It took a little while but the Angels have finalized their deal with infielder Luis Valbuena. Here are the terms via Angels beat writer Jeff Fletcher:
“#Angels complete Luis Valbuena deal. It’s 2 years, $15M, including a mutual option.”
In Fletcher’s link, he says the Angels also have a club option for 2019 on Valbuena that’s worth 8.5 million dollars that comes with a 500,000 dollar buyout. The Angels will pay Valbuena 6.5 million dollars in 2017 and 8 million in 2018. By all accounts, this looks to be a very solid deal for the Angels.
First, lets look at the statistical aspect of Valbuena. Since 2012, Valbuena has averaged between 1.3-2.9 WAR a season, coming with the Cubs and most recently the division rival Astros. What’s interesting about Valbuena is the way he has accumulated his value over those years. From 2012-2013, he was a sub replacement hitter who walked a lot to make up for his poor power and low batting averages. His above average defense at 2nd and 3rd base is what led to productive seasons. The Valbuena the Angels are getting now is much different. Like many players, Valbuena has declined defensively to the point where he might be a 1B/3B now but he has seen his power surge in every year since 2012. His slugging percentage has rose every year since then and he’s now settled in as a .200 ISO bat who can take walks. Had Valbuena not tore his hamstring in the middle of last year and missed the rest of the 2016, he would’ve rose past his career highs in numerous categories. He posted a career best 123 wRC+ along with a .260/.357/.459 line, which were also career bests in each category.
The aforementioned injury is most likely the reason why Valbuena came at such a cheap price tag. There’s a little uncertainty over his defensive skills now since he’s been declining in that regard but he was still just slightly below average defensively my most measures(-1 DRS and -3.6 UZR). At age 31 and coming off a surgery, it’s no guarantee Valbuena will move around the same but even if he doesn’t, his bat will play at most positions.
Valbuena is being brought in for one big reason: he’s a lefty bat who can mash righties with a power/walk combo that the Angels are sorely missing. From 2014-2016, Valbuena owns a very good 126 wRC+ vs right handed pitching, thanks to a .344 OBP and .473 SLG. Angel Stadium may put a damper in those numbers just a bit but he’ll still provide a much needed left handed presence in the lineup. Another reason he was brought on board is his aforementioned versatility. With Danny Espinosa and Yunel Escobar being free agents after 2017, Valbuena will have a chance to start in 2018 and he’ll have plenty of room to play in 2017.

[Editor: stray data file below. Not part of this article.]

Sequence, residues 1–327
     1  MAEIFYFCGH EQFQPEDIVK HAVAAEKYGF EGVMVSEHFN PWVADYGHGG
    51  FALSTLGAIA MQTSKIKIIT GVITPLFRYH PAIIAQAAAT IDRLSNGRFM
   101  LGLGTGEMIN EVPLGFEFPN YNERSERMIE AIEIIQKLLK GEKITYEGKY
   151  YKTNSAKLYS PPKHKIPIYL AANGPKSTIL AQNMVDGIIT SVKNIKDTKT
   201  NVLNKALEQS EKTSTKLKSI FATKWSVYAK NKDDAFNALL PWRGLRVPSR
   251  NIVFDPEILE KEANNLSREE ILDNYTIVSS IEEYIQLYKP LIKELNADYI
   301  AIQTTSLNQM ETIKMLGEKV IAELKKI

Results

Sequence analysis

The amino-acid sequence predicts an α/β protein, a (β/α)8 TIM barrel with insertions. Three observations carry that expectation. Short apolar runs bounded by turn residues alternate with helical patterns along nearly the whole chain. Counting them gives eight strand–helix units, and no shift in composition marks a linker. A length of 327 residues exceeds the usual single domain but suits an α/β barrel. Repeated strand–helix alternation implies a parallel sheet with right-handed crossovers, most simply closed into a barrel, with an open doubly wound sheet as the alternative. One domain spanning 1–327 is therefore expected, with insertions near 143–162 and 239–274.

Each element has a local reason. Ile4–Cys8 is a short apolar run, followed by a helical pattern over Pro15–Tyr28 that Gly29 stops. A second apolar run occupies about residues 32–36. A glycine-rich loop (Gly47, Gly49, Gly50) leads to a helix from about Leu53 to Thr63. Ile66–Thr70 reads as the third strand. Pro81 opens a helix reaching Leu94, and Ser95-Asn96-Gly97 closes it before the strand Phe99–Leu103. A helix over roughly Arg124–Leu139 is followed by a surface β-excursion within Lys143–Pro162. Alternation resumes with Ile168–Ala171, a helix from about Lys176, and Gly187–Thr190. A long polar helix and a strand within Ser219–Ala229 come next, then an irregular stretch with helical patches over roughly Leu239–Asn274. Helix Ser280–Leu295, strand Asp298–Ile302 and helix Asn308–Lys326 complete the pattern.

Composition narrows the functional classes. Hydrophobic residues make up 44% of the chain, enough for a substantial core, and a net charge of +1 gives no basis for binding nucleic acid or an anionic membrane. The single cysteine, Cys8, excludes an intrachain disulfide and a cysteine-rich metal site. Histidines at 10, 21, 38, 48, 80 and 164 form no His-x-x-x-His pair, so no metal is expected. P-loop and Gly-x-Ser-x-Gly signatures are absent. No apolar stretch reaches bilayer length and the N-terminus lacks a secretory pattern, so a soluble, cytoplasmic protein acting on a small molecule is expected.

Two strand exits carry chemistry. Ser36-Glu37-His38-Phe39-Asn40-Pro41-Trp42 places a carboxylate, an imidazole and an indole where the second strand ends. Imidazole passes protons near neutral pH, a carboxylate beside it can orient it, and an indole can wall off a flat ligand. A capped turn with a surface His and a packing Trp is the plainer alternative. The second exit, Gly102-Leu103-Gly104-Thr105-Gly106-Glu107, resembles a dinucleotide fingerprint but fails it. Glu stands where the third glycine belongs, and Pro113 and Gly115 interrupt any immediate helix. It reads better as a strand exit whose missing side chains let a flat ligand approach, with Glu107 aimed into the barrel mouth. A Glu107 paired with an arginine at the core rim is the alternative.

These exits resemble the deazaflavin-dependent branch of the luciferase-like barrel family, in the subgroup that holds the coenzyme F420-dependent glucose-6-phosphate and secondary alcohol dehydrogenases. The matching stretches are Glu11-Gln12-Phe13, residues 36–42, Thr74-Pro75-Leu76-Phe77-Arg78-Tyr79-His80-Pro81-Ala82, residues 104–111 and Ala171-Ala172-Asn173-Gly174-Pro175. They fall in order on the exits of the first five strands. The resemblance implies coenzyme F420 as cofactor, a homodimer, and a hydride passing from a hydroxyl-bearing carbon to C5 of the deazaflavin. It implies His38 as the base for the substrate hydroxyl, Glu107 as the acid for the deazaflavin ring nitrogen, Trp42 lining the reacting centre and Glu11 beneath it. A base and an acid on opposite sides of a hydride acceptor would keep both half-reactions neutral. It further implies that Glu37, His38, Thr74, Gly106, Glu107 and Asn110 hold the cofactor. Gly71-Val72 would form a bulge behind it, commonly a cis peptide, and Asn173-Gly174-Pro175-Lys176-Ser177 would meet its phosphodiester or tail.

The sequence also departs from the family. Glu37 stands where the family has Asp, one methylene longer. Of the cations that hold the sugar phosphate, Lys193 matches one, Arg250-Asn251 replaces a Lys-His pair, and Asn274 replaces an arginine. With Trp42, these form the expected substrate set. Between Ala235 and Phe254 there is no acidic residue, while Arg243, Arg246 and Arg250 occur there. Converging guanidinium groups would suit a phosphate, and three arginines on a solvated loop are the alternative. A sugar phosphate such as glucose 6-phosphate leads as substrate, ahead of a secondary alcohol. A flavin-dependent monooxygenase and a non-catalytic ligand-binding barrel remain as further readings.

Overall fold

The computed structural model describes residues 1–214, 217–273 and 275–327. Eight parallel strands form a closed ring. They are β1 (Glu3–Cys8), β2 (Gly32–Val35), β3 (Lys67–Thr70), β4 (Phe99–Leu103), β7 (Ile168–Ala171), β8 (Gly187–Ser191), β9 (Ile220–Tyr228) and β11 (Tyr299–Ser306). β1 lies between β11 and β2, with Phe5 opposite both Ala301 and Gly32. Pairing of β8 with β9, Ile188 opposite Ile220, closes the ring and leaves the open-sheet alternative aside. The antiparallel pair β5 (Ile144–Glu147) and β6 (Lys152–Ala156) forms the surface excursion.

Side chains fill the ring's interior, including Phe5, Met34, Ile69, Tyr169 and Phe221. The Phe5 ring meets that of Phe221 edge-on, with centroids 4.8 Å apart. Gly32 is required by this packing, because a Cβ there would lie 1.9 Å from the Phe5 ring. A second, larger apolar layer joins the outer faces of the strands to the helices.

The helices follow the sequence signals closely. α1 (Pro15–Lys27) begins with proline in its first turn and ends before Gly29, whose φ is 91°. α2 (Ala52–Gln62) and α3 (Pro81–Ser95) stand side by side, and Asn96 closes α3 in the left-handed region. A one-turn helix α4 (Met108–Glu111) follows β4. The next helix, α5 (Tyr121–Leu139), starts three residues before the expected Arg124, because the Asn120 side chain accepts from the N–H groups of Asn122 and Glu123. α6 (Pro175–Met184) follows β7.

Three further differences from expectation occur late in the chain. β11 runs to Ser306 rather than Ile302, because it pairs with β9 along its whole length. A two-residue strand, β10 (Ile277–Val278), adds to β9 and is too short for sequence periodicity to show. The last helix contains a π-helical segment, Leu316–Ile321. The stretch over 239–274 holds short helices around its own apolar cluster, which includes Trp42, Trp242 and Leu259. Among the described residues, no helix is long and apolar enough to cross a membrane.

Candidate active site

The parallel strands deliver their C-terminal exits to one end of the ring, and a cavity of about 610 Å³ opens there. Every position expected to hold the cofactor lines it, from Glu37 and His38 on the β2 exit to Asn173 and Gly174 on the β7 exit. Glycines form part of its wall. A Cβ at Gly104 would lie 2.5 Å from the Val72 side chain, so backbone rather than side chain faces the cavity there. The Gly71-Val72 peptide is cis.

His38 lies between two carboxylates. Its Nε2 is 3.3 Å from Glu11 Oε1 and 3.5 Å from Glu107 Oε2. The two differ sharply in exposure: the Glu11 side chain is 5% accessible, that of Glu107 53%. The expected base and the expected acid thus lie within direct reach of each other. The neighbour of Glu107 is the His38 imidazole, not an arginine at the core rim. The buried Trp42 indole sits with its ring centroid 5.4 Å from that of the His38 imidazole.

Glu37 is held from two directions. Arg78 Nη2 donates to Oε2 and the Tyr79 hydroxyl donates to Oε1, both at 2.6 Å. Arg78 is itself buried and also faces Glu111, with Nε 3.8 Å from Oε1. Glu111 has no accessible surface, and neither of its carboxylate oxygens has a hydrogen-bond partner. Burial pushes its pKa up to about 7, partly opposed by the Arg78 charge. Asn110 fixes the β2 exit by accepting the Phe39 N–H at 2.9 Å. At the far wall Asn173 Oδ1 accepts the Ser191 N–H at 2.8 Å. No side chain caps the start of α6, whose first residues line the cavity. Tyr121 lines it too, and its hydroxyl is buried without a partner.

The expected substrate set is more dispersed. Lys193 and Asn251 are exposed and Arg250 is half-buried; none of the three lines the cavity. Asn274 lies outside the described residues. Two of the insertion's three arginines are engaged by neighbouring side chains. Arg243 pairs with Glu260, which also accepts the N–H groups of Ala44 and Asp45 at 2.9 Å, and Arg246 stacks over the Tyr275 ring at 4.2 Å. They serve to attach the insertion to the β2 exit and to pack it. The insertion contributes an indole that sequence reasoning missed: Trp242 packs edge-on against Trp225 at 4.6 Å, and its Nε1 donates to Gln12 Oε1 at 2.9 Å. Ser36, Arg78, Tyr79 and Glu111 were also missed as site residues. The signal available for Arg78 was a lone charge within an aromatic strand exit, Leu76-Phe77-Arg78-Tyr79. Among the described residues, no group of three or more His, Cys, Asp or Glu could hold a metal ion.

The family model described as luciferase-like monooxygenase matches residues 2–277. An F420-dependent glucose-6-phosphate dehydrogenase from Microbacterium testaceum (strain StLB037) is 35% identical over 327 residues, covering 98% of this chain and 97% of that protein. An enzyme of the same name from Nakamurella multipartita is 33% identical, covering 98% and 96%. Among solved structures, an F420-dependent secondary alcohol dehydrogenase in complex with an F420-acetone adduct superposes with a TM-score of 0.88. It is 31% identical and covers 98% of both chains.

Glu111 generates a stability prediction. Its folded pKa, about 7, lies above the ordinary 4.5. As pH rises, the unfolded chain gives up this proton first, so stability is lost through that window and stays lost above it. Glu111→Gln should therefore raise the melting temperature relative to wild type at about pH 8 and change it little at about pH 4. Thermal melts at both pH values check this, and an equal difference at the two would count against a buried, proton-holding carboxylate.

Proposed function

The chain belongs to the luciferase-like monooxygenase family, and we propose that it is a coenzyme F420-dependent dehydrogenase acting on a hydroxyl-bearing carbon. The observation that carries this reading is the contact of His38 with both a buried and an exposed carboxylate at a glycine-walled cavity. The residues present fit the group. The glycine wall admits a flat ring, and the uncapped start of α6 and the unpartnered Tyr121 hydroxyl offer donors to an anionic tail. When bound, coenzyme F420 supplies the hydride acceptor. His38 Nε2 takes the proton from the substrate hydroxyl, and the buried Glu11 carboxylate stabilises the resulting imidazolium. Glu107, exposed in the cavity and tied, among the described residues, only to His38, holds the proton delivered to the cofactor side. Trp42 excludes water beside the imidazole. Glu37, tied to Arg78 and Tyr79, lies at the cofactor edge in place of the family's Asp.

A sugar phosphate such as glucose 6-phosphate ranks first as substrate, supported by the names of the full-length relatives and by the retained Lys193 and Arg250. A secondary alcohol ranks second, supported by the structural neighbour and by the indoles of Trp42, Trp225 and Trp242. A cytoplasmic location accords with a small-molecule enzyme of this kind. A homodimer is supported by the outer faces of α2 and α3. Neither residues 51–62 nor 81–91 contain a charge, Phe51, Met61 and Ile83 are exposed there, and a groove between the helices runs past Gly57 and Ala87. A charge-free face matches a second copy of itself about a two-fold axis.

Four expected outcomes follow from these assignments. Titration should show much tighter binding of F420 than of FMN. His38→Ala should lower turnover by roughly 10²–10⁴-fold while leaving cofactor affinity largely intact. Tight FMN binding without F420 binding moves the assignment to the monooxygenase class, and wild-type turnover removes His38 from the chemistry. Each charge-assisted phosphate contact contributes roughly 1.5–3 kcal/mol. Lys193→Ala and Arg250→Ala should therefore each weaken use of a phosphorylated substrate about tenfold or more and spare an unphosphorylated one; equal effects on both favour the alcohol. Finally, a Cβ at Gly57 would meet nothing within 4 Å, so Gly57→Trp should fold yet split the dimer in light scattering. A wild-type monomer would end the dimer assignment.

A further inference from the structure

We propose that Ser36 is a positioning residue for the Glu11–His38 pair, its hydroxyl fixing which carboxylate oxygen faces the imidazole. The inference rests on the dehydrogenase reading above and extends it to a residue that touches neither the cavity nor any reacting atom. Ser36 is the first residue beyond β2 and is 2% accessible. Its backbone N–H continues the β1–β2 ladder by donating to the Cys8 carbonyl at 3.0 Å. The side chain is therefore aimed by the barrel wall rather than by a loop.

That leads to the next reason why this signing is very good. Albert Pujols may miss the start of the season so Valbuena can fill in at 1B/DH to start. Yunel Escobar was dinged up for several stretches of 2016 so Valbuena can fill in there. If Danny Espinosa struggles or is hurt, the Angels may even feel like Valbuena can fill in at 2nd base. You can see the theme here: Valbuena could be a huge cog as a depth piece that can play all over the infield for the Angels and will still start plenty of games. Another cool caveat is if the Angels are struggling at the trade deadline, you can move Escobar and Espinosa out and just plug Valbuena in at one of those positions. The Angels boast a ton of infield depth now and it’s possible that Jefry Marte is ticketed for AAA or Cliff Pennington is shipped out soon.
Assuming the Angels pick up the 2019 option, Valbuena will get 23 million dollars over 3 seasons. If you assume Valbuena is a 2 win player for 2017, then loses half a win per season. he’ll accumulate 4.5 wins over 3 years, which is worth about 36 million dollars in the open free agent market. The injury definitely plays a role here as I’m sure some teams were scared off. For the Angels, this is a smart risk because if Valbuena is healthy, they own a very solid asset for a cheap price.
It’s hard to not like this deal for the Angels, as they have totally revamped their position players this offseason in a good way. With this signing, the Angels sit 12 million dollars below the luxury tax threshold, which is realistically enough to add another ok starting pitcher and solid reliever. Billy Eppler has shown he knows what he’s doing this offseason and it’s totally reasonable to think the Angels will have added a few new pitchers by the time Spring Training rolls around. Baseball season is near and the Angels are slowly starting to look more formidable as the season approaches. Welcome aboard, Luis Valbuena.